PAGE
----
THE National Quincentennial Committee (NQC) has announced the grand prize winner of the Lapulapu National Monument Design Competition to be an architect of the Tarlac-based Sicat Design Services.
Rex B. Sicat Jr., 26, principal architect of Sicat Design Services, will receive P300,000, a certificate of recognition, and other commemorative items from the NQC and the National Historical Commission of the Philippines (NHCP).
The HQC said Sicat’s work “is envisioned to serve as basis for the Lapulapu National Monument,” which will be enshrined at the proposed Lapulapu Memorial Shrine and Museum in Mactan, Lapu-Lapu City.
In the painting category, four Cebu-based artists won four of the eight minor prizes in the four themes. Each theme had a grand prize and two minor prizes.
* Sovereignty: Jesus D. Rona of Cebu City for “Triumph of Lapulapu” (acrylic on canvas)
Grand Prize Winner: Matthius B. Garcia of Dasmariñas, Cavite for “Hindi Pasisiil”
* Magnanimity: Darby Vincent Alcoseba of Lapu-Lapu City for “Magnanimity” (oil on canvas)
Grand Prize Winner: Teodie Boylie R. Perez of Davao City for “The Presence of Goodwill”
* Unity: Wilfredo Cañete Jr. of Talisay City for “Sandugo” (oil on canvas)
Grand Prize Winner: Herbert S. Pinpiño of Angono, Rizal for “Blood Compact: Reimagined”
* Legacy: Ariel N. Caratao of Lapu-Lapu City for “Ang Mahinungdanong Pag-abot sa Balaang Bata” (oil on canvas)
Grand Prize Winner: Bernardo A. Maac of Balayan, Batangas for “Presentation of the Idol”
Each will receive P50,000. The grand prize winners will get P500,000 each.
All winners in the Quincentennial Art Competition get a cash prize, a certificate of recognition and NQC and NHCP commemorative items. Their work will be put up at the proposed Lapulapu Memorial Shrine and Museum.
The NQC, together with the NHCP, National Commission for Culture and the Arts’ National Committee on Art Galleries, and the National Museum of the Philippines, spearheaded the Quincentennial Art Competition.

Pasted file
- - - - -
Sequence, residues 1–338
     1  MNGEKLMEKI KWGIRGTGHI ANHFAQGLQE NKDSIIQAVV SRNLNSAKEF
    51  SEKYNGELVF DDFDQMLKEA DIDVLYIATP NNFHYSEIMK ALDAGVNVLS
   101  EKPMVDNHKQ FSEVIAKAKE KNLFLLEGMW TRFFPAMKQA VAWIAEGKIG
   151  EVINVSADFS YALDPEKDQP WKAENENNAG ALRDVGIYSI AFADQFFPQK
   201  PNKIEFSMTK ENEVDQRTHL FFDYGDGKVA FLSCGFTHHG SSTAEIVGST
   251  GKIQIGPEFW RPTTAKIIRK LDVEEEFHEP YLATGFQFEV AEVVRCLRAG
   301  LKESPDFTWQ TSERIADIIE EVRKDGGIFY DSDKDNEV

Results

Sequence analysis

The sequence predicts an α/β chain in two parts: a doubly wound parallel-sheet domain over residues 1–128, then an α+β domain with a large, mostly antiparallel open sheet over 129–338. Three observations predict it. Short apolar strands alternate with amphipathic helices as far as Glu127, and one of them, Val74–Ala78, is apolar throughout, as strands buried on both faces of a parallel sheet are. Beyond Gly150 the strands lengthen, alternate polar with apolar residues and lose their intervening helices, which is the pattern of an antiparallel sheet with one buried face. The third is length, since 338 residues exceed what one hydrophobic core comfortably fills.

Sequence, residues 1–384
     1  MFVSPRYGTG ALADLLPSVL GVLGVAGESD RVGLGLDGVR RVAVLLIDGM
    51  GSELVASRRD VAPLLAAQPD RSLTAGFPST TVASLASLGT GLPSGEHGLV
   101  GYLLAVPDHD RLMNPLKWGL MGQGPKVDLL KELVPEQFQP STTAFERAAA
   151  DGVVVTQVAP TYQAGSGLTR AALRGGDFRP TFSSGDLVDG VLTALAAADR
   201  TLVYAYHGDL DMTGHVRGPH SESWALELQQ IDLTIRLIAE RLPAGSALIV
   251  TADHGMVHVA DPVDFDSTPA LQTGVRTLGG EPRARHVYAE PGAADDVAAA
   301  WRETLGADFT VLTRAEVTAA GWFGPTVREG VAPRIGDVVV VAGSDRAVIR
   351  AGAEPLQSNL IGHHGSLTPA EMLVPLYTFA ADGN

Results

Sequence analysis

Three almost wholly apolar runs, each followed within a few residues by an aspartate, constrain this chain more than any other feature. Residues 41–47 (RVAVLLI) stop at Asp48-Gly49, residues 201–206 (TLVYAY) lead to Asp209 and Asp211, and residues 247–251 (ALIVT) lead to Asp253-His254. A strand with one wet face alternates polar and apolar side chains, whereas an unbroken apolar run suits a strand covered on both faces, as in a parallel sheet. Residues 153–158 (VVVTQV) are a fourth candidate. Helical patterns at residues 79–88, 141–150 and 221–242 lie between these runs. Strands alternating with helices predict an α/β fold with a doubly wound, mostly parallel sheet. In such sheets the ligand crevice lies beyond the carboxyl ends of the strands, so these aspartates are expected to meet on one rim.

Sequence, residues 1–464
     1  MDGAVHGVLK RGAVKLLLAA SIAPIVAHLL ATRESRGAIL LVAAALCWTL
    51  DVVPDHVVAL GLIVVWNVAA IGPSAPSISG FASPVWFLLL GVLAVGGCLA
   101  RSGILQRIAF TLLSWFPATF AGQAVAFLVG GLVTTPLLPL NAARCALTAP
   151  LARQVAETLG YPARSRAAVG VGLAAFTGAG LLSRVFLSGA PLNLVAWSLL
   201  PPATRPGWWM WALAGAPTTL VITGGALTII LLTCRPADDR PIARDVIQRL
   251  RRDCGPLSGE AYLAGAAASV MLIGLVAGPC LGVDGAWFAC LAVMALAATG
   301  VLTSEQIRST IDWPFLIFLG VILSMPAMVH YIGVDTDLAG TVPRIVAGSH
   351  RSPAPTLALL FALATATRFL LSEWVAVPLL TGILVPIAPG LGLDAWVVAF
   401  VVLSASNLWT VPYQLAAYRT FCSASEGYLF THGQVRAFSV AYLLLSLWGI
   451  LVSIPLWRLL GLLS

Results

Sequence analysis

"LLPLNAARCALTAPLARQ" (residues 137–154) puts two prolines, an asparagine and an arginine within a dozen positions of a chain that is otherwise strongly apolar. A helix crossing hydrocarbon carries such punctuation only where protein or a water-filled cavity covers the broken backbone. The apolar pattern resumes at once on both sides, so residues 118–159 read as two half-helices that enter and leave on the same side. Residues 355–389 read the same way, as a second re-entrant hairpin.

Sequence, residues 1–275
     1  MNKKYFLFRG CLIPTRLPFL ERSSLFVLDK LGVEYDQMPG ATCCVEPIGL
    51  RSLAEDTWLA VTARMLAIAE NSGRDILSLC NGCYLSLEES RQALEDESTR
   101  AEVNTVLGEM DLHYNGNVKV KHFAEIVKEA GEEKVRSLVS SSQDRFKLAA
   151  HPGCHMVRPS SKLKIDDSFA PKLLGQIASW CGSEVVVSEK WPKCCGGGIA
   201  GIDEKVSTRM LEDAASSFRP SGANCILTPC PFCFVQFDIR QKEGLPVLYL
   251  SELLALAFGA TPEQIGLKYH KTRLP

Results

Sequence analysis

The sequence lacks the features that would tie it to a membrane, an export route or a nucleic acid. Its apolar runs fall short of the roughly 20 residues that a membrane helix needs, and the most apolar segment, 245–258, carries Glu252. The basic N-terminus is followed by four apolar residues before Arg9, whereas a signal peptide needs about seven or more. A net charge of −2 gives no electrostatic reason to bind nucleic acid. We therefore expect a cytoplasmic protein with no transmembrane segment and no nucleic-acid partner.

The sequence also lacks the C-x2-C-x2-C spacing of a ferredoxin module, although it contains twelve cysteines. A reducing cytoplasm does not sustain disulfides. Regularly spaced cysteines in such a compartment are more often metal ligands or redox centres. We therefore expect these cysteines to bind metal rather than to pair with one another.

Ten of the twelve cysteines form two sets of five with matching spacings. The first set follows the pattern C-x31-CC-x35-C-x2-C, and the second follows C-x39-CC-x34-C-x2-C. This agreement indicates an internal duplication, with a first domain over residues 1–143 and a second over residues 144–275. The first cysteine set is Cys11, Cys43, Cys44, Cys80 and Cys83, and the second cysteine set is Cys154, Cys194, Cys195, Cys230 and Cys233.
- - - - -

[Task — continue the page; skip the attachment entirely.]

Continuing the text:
The contest was in commemoration of the 500th anniversary of the Philippine part in the first circumnavigation of the world, the Victory at Mactan, and other related events, collectively known as the 2021 Quincentennial Commemorations in the Philippines (2021 QCP).
The NQC received 434 entries from across the country since it launched the contest in 2020. It announced the winners on Feb. 26, 2021.
‘The Watch of Mactan’
On its Facebook page, Sicat Design Services explained in its Feb. 27, 2021 post the design concept of “The Watch of Mactan.”
The proposed monument depicts the pre-battle imposing stance, preparing for the explorer’s arrival.
Lapulapu as a sentry facing sea side—portrays an expectant strategist leader.
1. The Setting: The battle happened on the rocky white shores of Mactan. A reminder of the death bed of Ferdinand Magellan and a victory site of Lapulapu’s people.
2. The Sentry: According to the writings of Antonio Pigafetta, warriors are assembled and expecting Magellan’s arrival. Lapulapu as a sentry of his domain standing on top of the pedestal; the trapezoidal pedestal symbolizes the territory he protects.
3. The Mangatang: Those who lie in wait—warriors are on Mangatang position as if they expect someone to challenge their defense. Mactan’s name is believed to have evolved from the Visayan word Mangatang, a strategy-like attitude of raiders who lie in wait. Three warriors on each side of the monument represent the three divisions of more than 1,500 assembled troopers of Lapulapu.
4. The Community: In commemoration, a mother and child inside the Balay as the natives. Mother kissing her child as if she is assuring their safety, and expressing to her son that they are under Lapulapu’s protection: an image conveying assurance and safety when the public approach Lapulapu’s shrine; the livestock signifies the self-sustaining community and abundant resource.
5. The Art & Culture: The ladder or zigzag pattern represents achievements outlining the Balay, and at the pinnacle a typical Kalaw (hornbill) carved roof beam projection recognized as spiritual symbol: a guide to the afterlife.
Elements of the monument
a. Hierarchy—Lapulapu as the chieftain, the ruling person and icon, should be on the uppermost. Below are the Timawa, Horoan, and Bihag.
b. Balance—an equipoise of features; elements are present on both sides, as represented by three warriors on each side.
c. Proportion and scale—based on the existing monuments of Rizal and Bonifacio, the height of sculptures is more or less two times the height of an average person. This scale will be used as an expression of monumental grandeur. (MPS)